I want to know the Latin for the phrase “public business must be done in public”.

  • Welcome to the site! Can you give an example of the kind of public business you have in mind, just so that we can make sure that a suggested translation actually works for you? There rarely is a Latin phrase that means exactly the same as the English one in all contexts.
    – Joonas Ilmavirta
    Commented Oct 26, 2019 at 14:52

3 Answers 3


I agree with GDR. What you need is "res publica" in its original sense of "public business". In the spirit of Roman conciseness perhaps better: Res publica publice agenda.


A good general word for business is res, so "public business" could well be translated as res publica. But bear in mind that it also means "republic" (which is indeed a public business but in a very specific sense), so there is a risk of misinterpretation. Perhaps something like negotium could also work for "business", but that depends on context. Even in simple things like this, context does matter.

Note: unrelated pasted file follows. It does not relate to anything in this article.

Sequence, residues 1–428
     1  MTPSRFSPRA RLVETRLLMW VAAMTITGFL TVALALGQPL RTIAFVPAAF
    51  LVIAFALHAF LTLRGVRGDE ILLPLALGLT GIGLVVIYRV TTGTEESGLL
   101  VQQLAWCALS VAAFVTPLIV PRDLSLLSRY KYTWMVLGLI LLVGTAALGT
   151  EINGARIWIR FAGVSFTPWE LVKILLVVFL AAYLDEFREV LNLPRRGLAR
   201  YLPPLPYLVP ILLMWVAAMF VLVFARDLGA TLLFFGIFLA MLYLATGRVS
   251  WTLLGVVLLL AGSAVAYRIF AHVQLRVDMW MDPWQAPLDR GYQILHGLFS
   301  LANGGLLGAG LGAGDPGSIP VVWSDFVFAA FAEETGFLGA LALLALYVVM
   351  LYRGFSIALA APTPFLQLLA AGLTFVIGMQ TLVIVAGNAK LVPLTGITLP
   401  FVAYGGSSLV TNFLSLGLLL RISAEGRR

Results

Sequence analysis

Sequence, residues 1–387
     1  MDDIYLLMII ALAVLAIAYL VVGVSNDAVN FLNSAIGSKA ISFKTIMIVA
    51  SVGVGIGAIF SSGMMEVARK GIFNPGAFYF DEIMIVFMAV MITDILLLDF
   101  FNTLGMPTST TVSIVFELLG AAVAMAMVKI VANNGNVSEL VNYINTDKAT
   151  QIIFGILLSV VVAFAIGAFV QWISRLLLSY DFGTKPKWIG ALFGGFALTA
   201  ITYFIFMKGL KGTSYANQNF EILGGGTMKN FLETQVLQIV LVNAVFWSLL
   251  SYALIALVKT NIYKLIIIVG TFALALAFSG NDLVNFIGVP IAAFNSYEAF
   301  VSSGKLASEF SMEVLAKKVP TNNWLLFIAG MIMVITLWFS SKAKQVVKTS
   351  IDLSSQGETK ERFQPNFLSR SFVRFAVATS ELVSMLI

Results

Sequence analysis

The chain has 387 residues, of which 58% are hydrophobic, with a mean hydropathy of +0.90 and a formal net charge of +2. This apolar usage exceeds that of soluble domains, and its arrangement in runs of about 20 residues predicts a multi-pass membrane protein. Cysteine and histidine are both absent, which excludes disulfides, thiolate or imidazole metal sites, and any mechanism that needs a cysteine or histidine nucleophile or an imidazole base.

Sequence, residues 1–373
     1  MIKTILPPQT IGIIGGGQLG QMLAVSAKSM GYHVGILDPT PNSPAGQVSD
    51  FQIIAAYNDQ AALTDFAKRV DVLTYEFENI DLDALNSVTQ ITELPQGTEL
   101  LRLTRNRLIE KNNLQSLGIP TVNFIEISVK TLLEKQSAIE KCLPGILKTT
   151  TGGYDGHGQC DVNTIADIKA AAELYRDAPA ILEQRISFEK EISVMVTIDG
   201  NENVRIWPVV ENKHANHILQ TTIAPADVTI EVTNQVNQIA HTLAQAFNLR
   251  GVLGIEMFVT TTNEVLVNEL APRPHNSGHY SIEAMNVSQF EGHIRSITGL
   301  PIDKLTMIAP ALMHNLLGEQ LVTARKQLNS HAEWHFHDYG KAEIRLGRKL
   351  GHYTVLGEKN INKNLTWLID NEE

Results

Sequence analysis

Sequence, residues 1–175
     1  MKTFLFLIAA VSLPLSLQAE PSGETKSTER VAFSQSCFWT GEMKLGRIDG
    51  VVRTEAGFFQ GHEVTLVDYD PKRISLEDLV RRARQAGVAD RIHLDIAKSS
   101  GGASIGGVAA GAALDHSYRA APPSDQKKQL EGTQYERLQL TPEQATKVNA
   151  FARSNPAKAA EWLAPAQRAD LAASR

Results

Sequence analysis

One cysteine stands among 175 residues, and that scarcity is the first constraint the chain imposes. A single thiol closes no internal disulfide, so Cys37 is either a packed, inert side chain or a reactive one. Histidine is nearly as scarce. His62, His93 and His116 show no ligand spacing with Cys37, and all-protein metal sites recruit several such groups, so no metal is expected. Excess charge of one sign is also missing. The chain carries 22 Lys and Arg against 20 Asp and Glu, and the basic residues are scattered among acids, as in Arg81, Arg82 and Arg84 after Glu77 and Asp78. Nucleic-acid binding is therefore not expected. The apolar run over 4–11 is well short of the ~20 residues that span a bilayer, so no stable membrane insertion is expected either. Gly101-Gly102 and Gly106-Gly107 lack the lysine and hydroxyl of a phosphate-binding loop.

A good translation for "must be done" is agendum est, where est can be dropped and agendum must be declined to match gender and number.

There are a couple of ways to translate "in public". My suggestion is palam, which has translations like "openly, publicly, undisguisedly, plainly". At least to me it gives an idea of openness that goes beyond being technically public. But it is certainly not the only option, as you can see in the other suggestions.

So, my suggestion is:

Res publica palam agenda est.


Coram is a good word to use; it's classy.

cōram, adv. and prep. (Lewis and Short)
I. in the presence of, before the eyes of, in the face of, before.

coram populo, Hor. A. P. 185 "in the presence of the people."
coram judicibus, Suet. Aug. 56 "before the judges"

  • 1
    This meaning degraded over time, so that in the Middle Ages a suit heard coram rege meant it was heard in the Court of the King's Bench but not literally in the king's presence. Having studied Latin long before I studied English history, I found that very confusing.
    – C Monsour
    Commented Oct 29, 2019 at 13:13

Your Answer

By clicking “Post Your Answer”, you agree to our terms of service and acknowledge you have read our privacy policy.

Not the answer you're looking for? Browse other questions tagged or ask your own question.